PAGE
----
A Halloween Scare Machine Using a PIR, a 3D Printed Pumpkin and the Troll Arduino Compatible Audio Pranker/practical Joke Board.

About: I am a Ham Radio operator, computer geek, currently a service tech, robotic hobbyist. I've been "playing" with microcontrolers for the last several years, basic stamps, arduinos, and arduino like ...

The Troll board created by Patrick Thomas Mitchell of EngineeringShock Electronics, and was fully funded on Kickstarter not too long ago.

I got my reward a few weeks early to help write some examples of use and build an Arduino library in an attempt to make it a little easier to program.

So what is "The Troll" - it's an Arduino (UNO) compatible audio prank board, It has a ATMega 328P chip onboard, a select button (user programmable), a DIP switch (4 switches, user programmable), and a LDR (Photo resistor connected to A0). It has two audio jacks, you can use one to pass audio though - and have sounds from The Troll injected on top of the other audio. It also has a speaker header for connecting a on board speaker, and a small amp on board. An external speaker with good amp is recommended.

There is also a "external" trigger pin (Digital PIN 9), sensors can be hooked up to "trigger" a sound. (PIR sensor, sound sensor, limit switch, vibration sensor, just about any digital sensor that has one output can be used.)

We also have access to all the analog pins (A0 to A5) - A0 is being used by the LDR, this opens up the possibility of using I2C devices.

There are three ways to power it - 9v battery, ac to dc adapter, and usb, there is a jumper pin that needs to be set if you are using battery or the ac adapter jack.

There is a AP23582 chip that contains the audio samples.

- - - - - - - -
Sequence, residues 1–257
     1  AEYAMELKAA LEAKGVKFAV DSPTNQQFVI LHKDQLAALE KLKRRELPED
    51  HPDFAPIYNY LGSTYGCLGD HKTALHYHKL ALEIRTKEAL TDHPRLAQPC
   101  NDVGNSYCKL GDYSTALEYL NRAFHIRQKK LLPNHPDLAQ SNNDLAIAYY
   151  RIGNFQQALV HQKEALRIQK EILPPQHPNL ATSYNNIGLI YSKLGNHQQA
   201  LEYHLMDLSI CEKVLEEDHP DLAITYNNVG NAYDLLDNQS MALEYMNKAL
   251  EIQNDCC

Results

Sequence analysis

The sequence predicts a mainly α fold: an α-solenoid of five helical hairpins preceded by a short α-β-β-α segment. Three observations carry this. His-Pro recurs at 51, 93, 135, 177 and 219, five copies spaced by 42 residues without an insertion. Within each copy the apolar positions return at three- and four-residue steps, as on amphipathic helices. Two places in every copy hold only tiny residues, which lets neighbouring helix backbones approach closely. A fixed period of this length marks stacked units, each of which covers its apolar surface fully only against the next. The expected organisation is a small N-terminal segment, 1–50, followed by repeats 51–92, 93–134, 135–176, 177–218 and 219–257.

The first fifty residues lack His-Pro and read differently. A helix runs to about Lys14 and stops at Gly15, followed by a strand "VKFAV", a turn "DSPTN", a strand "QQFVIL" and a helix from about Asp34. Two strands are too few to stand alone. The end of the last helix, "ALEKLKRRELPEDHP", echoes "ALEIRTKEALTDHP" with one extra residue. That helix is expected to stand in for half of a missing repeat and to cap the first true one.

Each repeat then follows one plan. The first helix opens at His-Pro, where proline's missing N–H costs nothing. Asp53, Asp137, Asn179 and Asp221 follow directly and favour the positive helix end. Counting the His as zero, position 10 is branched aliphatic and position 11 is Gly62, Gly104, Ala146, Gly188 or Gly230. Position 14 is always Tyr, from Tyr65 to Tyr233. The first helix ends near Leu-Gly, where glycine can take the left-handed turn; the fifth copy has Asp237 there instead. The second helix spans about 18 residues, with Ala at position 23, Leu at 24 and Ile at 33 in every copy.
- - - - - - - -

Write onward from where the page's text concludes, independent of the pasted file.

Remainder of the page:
There are 57 sounds contained on the chip.

Kickstarter Link (Campaign is over but information here is good).

EngineeringShock Electronics project page.

Supplies:

To program The Troll you need an Arduino UNO with a removable chip - Yes we take the chip out of The Troll, and put it in an Arduino UNO and program it. - You must take care when doing this to not bend the pins, and always check to make sure the key on the chip matches the key on the socket. (The half circle in one end of the chip).

They come with a stock sketch from Patrick - but the real fun of this device, is programming it to do what you want. It's not hard to remove the chips, take your time, and be careful - that being said, we are not going to be responsible if you damage your chip or devices. DO this at your own risk.

Equipment and STL files:

For this example, you will need a 3D printer (or access to one that you can use for a while, my print took over 12 hours). * Optionally you can wait till closer to Halloween, and buy a plastic pumpkin, or ghost or whatever.

You may still want to 3D print a box for The Troll board.

Box on Thingiverse (this is my design and I welcome improvements).

Halloween Pumpkin by 3DWP

I printed the "HalloweenPumpkinCover" from this remix, I decided not to use the pumpkin or the reset of this remix, because I wasn't sure about the size of the hole for the PIR sensor, nor sure about the size of the neopixel ring used. - This was ok, since the "cover" just lays flat on top of my box.

Other tools needed:

You may need a soldering iron (depending on which neopixel ring you get), you will probably need (or want) a step bit. I used a screw driver with the bit I have, but you may want to use a small drill.

You will probably need hot glue, or sticky back tape.

The Hardware is simple:

You need a "The Troll" board - honestly I'm not sure if these will be for sale beyond the kickstarter - so you may need to contact Patrick from his website.

A mini PIR sensor something like the one pictured above, or here. Just an example - Do your home work before buying anything - you maybe able to find these cheaper, or on Amazon, or Aliexpress if you prefer those sites.